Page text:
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Debate over 'Hiawatha' statue heats up during La Crosse meeting

Debate over 'Hiawatha' statue heats up during La Crosse meeting

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The Hiawatha statue in Riverside Park.

No one has made a formal move to remove the “Hiawatha” statue in Riverside Park; however, the debate ignited Wednesday continued Friday morning as the city’s Arts Board reviewed the results of its listening session earlier this week.

Several people spoke out during the event, co-hosted by the arts board and Human Rights Commission, against the 25-foot sculpture that has stood at the north end of the park since 1961, arguing that, regardless of the intentions of the artist, the late Anthony Zimmerhakl, it represents a caricature of indigenous people.

Doug Weidenbach, who chairs the La Crosse Arts Board, declined to suggest what the board or the city should do with the information gathered during Wednesday’s listening session.

“The board has the responsibility to suggest policy, not to make policy,” Weidenbach said. “I don’t know that we need to do anything today, but as one of the comments was said, this is not an object where we’re talking about, ‘Let’s take a wrecking ball and take it down right now.’”

However, he said, the sculpture is worth discussing, particularly weighing questions of whether to erect some sort of addition to act as a counterpoint, whether to replace it or if there is a way to modernize it.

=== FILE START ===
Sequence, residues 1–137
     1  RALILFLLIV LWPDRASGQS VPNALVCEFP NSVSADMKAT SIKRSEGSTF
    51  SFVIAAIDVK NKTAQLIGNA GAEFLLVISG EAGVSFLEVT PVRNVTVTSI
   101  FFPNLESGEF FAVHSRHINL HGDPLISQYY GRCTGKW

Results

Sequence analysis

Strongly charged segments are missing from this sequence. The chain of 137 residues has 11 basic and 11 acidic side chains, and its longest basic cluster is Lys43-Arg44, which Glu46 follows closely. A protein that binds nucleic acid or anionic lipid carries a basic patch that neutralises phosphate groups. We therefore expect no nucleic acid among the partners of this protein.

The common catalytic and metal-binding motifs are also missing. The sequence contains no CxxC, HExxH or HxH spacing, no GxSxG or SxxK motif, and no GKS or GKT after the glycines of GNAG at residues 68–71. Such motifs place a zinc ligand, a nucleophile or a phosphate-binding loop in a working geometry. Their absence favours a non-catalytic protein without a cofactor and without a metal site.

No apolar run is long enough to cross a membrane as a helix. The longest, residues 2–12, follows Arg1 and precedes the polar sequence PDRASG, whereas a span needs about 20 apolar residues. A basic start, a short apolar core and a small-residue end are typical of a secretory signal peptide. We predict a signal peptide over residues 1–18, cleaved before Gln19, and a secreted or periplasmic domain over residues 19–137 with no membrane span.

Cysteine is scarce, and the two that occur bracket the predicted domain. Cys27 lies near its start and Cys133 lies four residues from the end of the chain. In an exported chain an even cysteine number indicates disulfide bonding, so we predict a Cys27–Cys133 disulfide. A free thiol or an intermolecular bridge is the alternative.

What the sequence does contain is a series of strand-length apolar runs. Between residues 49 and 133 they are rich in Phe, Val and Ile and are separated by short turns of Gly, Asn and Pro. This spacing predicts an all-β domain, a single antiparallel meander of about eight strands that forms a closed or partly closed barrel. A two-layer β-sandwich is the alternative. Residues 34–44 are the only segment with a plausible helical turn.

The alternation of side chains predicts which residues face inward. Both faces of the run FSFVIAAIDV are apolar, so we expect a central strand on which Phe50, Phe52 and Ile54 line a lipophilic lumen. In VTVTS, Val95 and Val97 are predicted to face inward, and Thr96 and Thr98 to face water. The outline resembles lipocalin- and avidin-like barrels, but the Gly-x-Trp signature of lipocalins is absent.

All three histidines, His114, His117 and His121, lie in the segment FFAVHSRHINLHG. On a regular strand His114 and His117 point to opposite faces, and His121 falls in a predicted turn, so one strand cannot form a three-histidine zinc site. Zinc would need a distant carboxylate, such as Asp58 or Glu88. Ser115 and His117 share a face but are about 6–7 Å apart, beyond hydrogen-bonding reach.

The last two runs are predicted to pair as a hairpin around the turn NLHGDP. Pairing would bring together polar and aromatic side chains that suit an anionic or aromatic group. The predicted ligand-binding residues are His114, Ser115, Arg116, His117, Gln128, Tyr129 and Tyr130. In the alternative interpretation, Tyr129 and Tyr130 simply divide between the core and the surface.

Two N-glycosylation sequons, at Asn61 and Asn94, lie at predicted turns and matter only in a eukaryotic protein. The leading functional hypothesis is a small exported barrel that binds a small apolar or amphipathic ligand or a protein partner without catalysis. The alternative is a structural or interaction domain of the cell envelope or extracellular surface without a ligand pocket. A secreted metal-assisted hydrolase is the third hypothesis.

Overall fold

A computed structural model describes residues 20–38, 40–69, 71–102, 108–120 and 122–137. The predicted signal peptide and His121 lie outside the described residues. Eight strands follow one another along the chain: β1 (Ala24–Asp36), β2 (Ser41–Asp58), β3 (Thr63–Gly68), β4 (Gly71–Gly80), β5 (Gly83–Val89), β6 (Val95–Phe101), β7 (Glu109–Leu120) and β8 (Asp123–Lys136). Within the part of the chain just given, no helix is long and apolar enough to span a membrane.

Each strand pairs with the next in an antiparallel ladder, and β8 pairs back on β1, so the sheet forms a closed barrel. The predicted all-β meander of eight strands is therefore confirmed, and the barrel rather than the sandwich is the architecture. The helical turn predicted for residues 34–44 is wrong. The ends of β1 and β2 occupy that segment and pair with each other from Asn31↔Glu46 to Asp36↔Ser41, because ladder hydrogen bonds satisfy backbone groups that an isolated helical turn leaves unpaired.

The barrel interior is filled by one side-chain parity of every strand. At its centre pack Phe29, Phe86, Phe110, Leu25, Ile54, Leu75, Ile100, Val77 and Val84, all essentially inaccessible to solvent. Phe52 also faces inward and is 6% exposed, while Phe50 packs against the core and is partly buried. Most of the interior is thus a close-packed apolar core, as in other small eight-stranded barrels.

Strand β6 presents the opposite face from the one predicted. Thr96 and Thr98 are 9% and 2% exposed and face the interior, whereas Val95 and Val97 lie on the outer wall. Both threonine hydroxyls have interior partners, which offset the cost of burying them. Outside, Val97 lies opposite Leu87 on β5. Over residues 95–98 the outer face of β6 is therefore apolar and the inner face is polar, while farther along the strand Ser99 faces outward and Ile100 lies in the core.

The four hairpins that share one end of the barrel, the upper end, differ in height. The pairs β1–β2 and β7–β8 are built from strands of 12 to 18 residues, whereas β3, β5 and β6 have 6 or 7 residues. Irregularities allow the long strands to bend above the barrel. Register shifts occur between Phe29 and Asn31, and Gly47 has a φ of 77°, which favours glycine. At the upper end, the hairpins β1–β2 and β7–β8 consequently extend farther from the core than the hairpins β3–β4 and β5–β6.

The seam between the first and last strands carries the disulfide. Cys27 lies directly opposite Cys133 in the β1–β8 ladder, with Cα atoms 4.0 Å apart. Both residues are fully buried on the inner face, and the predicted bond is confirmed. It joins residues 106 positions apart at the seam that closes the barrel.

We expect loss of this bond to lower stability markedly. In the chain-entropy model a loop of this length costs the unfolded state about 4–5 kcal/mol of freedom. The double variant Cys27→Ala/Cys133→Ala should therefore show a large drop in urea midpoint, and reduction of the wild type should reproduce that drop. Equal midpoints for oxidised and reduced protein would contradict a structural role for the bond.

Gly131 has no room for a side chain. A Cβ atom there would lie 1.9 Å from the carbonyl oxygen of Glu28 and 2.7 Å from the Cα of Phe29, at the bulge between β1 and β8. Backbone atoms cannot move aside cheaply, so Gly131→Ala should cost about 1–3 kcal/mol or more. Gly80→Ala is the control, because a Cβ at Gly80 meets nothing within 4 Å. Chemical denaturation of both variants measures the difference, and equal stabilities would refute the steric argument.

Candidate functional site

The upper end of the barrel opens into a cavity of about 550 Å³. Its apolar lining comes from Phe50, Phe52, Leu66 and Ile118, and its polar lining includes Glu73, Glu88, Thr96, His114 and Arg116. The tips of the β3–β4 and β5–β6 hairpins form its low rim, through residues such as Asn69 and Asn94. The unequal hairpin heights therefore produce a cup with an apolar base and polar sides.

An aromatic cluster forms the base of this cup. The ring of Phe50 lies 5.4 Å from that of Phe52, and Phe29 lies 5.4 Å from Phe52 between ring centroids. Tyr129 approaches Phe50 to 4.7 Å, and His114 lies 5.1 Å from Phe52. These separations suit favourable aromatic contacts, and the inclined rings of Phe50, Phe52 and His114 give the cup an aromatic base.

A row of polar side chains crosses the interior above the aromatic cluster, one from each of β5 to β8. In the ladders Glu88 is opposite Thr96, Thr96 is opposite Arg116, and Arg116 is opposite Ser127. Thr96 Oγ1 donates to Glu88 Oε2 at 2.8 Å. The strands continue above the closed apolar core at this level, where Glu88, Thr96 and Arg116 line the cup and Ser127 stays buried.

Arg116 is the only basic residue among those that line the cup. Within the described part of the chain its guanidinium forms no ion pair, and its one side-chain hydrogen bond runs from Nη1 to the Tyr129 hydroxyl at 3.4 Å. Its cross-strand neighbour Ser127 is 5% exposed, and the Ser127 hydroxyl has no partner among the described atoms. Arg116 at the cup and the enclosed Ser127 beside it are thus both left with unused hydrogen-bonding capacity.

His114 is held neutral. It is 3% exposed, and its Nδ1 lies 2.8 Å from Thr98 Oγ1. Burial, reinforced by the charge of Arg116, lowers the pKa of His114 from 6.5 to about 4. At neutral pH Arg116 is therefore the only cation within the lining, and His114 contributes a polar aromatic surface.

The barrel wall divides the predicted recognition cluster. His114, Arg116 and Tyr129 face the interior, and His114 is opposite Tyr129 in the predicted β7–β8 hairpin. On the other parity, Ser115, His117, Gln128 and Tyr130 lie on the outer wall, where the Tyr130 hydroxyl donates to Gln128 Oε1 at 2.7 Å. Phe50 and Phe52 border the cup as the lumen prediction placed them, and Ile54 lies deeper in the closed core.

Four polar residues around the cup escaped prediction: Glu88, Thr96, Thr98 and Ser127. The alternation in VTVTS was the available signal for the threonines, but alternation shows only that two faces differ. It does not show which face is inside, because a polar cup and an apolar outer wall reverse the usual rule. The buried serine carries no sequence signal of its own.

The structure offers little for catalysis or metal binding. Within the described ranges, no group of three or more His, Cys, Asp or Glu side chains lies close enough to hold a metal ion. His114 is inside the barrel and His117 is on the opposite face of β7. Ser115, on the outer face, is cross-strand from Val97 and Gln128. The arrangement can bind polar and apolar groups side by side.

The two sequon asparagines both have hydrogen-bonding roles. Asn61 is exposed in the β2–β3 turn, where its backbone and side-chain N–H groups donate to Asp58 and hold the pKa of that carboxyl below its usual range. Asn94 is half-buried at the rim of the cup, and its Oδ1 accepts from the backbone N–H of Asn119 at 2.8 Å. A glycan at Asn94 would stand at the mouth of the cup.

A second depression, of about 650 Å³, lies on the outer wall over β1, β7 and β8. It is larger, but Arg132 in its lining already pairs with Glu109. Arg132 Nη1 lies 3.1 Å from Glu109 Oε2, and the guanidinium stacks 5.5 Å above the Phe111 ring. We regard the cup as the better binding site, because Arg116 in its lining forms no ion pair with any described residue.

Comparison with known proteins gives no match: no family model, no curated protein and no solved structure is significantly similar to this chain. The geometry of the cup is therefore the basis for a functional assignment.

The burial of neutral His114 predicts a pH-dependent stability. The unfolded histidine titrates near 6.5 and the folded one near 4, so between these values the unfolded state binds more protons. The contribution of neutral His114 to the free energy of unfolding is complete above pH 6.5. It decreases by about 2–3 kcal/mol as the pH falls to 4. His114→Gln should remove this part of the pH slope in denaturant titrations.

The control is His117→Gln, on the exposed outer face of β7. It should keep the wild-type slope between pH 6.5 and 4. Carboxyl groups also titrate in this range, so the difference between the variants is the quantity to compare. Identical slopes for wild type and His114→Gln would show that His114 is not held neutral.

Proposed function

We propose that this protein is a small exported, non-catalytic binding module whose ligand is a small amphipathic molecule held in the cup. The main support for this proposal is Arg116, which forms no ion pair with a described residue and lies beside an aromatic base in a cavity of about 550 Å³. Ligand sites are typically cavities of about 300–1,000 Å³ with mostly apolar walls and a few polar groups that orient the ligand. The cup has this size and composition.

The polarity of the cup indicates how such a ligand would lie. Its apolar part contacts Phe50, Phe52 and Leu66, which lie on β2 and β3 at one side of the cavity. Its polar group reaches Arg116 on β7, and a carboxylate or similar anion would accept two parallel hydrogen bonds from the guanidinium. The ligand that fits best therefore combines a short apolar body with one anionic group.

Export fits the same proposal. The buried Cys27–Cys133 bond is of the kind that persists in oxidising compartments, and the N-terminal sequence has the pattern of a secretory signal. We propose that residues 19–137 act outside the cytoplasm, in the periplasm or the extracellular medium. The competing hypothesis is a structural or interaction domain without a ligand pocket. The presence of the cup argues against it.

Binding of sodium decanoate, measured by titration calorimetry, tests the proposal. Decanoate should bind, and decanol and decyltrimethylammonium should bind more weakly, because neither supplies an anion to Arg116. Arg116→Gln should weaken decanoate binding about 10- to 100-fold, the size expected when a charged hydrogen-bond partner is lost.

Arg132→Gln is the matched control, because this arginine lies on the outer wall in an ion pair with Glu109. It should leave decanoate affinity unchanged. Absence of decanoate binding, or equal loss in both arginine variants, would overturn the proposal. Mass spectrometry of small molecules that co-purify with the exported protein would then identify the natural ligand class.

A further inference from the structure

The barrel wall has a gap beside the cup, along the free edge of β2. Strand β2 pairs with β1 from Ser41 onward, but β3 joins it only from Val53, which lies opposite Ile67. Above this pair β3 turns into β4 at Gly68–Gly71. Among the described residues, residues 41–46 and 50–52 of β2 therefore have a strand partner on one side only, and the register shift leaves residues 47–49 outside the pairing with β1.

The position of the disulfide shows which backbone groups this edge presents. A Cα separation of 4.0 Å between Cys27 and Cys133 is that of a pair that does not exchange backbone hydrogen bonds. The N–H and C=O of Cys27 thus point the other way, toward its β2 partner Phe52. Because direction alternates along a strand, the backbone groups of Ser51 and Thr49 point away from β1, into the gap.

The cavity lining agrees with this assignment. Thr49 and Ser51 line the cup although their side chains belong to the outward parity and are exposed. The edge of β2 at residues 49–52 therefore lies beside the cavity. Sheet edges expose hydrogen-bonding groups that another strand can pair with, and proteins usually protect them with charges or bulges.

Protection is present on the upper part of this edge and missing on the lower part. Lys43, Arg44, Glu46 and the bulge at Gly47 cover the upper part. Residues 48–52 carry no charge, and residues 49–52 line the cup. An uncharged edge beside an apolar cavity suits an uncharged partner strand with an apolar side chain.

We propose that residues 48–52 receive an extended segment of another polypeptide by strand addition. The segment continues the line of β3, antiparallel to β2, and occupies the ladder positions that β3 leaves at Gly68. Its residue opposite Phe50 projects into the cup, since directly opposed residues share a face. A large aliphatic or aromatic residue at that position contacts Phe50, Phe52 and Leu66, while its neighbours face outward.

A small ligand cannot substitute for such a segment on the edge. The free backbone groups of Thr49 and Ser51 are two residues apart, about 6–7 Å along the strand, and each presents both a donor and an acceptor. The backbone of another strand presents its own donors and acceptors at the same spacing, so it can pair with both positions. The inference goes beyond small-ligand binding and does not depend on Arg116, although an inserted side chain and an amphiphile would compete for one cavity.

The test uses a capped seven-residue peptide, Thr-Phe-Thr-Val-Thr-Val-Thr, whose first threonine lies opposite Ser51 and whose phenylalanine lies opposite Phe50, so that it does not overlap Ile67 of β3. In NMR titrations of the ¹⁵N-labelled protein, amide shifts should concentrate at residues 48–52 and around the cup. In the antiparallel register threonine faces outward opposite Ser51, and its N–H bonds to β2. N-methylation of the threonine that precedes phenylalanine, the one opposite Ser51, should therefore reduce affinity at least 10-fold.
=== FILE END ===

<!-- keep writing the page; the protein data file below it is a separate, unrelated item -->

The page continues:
Board member Dick Record said he went away from Wednesday’s discussion “pretty frustrated.”

“I’m not sure how you erect art — whether you hang it on the wall or put it in the park — and expect to please everybody, because that ain’t gonna happen,” Record said.

“The artist did it with great intent, and I don’t know if we should have the ability to control that, because you’re controlling creativity, and I don’t think that’s a great idea,” he added.

Downtown Mainstreet Inc. executive director Robin Moses, who is also on the board, said it was clear that the statue elicits strong feelings, adding “it can be very personal.”

“There is a lot to be said about if there is a community that feels very strongly about that statue, I think that it would be good to review if there was a way to find some common ground,” Moses said.

During the meeting, La Crosse Common Council member Gary Padesky renewed his arguments for keeping the statue, saying it was built by Anthony Zimmerhakl as a way to honor a culture he felt was important and the city should not remove art based on its offensiveness.

“There are a lot of us who had Mr. Zimmerhakl as a teacher, who grew up here, who have a lot of personal feelings for that statue or of art in particular,” Padesky said.

La Crosse resident Shannon McKinney agreed that the city should not make decisions based on whether something is offensive.

“This argument is never-ending because being offended has to do with personal opinion. Whenever there is an opinion, you can guarantee that someone will be offended,” McKinney said.